Millennials in the Workforce

Adapting to the Changing Workforce: The Facts you Need about Each Generation

Each generation has unique needs and aspirations in their careers based on their experience growing up and the current events that shaped their lives. Which groups are most loyal to their employers? How do employees from different generations wish to communicate? What are the forces that motivate them? Learn more about what defines these generations and how employers can exercise modern techniques to engage these different employees

Maturists
Maturists, born before 1945, are committed to their jobs and careers; once they chose their job, they planned to stay in that job for the rest of their working life.

Engage this Generation
Employers should engage this group with face to face meetings and formal letters instead of the phone, email, or social channels. This loyal group makes up 3% of the workforce.

Boomers
Baby Boomers still make up a significant 33% of the workforce; however, they are reaching retirement age, and this percentage will decline over the next few years. Baby boomers have strived for job security, and often spent almost their entire career at one, or just a couple of companies.

Engage this Generation
Employers can engage this group with face-to face or phone communication, but some online communication when required is also appropriate as baby boomers have become accustomed to with these means of communication. This experienced group’s eminent retirement poses a risk for employers, as they will take their skills and knowledge with them when they retire, leaving a gap in the workforce. Consider how knowledge can be transferred from this skilled group onto the next and offer the training and coaching the next generation of employees requires.

Gen X
Generation X currently make up the largest portion of the workforce, and, while they are loyal to their career path, they are not necessarily loyal to their employers. While Gen X are eager, driven and inspired to achieve goals, their workplaces must be motivating them with a fresh engagement strategy, otherwise they’ll look and find work elsewhere.

Engage this Generation
It is critical to engage this group in order to retain them, especially considering that, as baby boomers retire, Gen X will soon be the most experienced group in the workforce. They strive for work life balance and are comfortable using email and text messaging to communicate, though they still prefer face-to-face communication where possible.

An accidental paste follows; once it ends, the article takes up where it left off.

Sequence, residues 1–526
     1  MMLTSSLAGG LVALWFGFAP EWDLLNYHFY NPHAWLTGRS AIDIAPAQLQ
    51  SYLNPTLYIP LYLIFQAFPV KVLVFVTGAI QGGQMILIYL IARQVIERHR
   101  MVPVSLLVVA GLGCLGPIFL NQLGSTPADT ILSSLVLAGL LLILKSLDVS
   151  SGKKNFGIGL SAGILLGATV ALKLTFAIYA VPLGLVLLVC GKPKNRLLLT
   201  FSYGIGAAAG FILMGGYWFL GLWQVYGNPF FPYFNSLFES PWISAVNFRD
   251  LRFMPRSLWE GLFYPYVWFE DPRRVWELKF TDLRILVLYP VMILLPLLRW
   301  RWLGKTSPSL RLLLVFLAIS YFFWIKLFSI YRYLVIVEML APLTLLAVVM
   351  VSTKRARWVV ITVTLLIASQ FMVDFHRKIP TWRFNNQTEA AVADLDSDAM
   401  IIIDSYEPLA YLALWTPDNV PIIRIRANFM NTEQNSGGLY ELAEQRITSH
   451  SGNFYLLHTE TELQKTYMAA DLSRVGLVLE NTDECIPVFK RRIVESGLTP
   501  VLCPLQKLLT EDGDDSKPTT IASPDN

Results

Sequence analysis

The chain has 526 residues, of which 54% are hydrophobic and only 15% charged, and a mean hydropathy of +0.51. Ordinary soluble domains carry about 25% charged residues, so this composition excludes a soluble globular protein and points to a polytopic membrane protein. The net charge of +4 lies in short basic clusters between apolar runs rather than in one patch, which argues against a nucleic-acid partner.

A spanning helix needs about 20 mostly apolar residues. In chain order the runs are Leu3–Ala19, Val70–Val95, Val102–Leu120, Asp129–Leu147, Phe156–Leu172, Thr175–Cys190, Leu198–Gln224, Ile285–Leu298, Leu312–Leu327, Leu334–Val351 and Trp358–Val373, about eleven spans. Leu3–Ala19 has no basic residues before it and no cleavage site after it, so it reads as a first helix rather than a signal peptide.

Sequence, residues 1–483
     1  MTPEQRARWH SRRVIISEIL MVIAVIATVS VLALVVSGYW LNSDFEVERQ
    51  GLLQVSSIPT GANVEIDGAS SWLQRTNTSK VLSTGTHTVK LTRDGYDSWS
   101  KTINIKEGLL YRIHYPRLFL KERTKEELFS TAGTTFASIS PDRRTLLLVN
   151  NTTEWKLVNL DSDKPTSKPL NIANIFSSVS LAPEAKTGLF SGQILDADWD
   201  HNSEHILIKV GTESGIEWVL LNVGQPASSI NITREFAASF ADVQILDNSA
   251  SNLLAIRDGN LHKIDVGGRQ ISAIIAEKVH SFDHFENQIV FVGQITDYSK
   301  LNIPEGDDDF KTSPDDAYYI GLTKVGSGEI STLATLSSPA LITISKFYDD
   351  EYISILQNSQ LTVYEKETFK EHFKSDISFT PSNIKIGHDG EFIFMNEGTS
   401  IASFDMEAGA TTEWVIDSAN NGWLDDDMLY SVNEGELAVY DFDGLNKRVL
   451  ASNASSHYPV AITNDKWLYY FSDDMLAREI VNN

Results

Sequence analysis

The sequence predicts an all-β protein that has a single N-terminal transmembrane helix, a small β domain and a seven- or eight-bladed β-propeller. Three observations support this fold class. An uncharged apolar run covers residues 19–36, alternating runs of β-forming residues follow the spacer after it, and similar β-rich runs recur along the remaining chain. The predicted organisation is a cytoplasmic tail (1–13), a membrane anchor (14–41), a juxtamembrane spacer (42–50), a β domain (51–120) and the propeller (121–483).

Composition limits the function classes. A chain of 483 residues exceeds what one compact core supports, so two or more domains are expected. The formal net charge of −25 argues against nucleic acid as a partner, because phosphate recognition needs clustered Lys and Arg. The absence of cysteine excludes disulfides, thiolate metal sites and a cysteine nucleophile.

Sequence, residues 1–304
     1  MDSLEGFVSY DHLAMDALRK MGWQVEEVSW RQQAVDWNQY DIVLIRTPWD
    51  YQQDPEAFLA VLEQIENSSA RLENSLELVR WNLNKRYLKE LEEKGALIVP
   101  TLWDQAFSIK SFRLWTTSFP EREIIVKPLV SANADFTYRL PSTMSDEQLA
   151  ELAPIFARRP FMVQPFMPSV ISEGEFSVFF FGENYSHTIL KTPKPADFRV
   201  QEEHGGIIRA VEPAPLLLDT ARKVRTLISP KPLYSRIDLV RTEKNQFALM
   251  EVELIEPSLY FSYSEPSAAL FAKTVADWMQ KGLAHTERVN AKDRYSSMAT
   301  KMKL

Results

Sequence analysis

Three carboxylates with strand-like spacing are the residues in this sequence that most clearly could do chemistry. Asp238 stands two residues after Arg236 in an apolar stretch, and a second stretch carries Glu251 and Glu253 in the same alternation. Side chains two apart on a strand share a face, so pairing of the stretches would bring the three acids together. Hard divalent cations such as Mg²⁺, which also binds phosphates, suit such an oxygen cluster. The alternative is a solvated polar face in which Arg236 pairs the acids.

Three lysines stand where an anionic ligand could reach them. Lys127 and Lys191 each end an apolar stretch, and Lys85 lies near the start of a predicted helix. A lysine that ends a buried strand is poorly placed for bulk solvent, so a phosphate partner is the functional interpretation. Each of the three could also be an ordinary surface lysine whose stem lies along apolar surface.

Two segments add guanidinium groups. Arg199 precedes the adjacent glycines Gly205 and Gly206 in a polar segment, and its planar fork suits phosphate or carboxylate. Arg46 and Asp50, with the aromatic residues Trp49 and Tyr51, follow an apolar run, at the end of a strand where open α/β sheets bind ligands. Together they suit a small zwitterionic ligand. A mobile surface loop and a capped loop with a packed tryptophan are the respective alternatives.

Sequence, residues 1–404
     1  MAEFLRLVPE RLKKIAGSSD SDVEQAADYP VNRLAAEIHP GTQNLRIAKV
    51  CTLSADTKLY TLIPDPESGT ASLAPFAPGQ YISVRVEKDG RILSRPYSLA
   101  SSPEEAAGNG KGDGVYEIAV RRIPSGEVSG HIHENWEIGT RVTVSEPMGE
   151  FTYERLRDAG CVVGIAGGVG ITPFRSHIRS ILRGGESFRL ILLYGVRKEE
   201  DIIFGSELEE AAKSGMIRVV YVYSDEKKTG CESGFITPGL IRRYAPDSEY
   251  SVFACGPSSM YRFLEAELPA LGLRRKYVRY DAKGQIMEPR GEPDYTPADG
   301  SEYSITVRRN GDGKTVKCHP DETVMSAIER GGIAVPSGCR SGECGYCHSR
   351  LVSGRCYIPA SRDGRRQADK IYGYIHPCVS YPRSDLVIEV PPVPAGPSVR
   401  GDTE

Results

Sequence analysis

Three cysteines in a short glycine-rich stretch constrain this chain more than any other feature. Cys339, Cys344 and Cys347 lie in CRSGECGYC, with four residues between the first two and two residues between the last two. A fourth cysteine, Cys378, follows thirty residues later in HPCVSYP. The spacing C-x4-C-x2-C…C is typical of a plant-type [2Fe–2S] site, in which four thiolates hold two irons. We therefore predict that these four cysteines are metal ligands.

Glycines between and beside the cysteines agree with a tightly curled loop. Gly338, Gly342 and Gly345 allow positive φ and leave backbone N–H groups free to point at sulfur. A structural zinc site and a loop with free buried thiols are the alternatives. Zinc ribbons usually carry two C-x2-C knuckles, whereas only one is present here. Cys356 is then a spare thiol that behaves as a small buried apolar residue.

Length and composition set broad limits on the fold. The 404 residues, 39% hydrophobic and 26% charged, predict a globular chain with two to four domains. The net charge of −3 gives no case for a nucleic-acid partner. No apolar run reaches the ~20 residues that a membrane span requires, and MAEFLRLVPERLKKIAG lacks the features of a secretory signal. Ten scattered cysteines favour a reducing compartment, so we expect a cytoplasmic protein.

Gen Y
Generation Y currently accounts for 29% of the workforce, and this percentage is rapidly increasing. This group are digital natives, and are completely comfortable using mobile and online technologies to communicate.  They also crave freedom and flexibility, and employers should engage this group with choice – both in the types of communication channels they use and the types of rewards they are given.

Engage this Generation
Gen Y prefers to work with an employer rather than for them, and seeks out employers with strong mentorship and career progression opportunities.  It’s important that employers invest in the training that this group wants, as Gen Y will fill many of the gaps in the workforce that retiring baby-boomers will leave.

Gen Z
Generation Z is the generation born after 1995, and currently holds part-time jobs or new apprenticeships. They are completely comfortable with technology, and enjoy communicating through hand-held devices and VoIP software such as Facetime. While they are predicted to be career “multi-taskers”, moving from organizations to smaller, pop-up businesses, the economic downturn will shape this group immensely, and they will seek security and stability in the workforce.

Engage this Generation
Get a proactive strategy in place to meet the needs of the next generation of leaders. Communication channels have changed drastically, and Gen Z will reply on mobile and online channels to share information. Consider how these channels can be used at your workplace so that managers can provide frequent, open communication with these employees and ensure transparency.

Now is a critical time for employers to act – as baby boomers leave the workforce and technology advances, organizations must ensure that they hire the right people to fill the gaps. Ensure that your organization is prepared to engage and retain the incoming workforce. Find out more by downloading our Class of 2014 Whitepaper.

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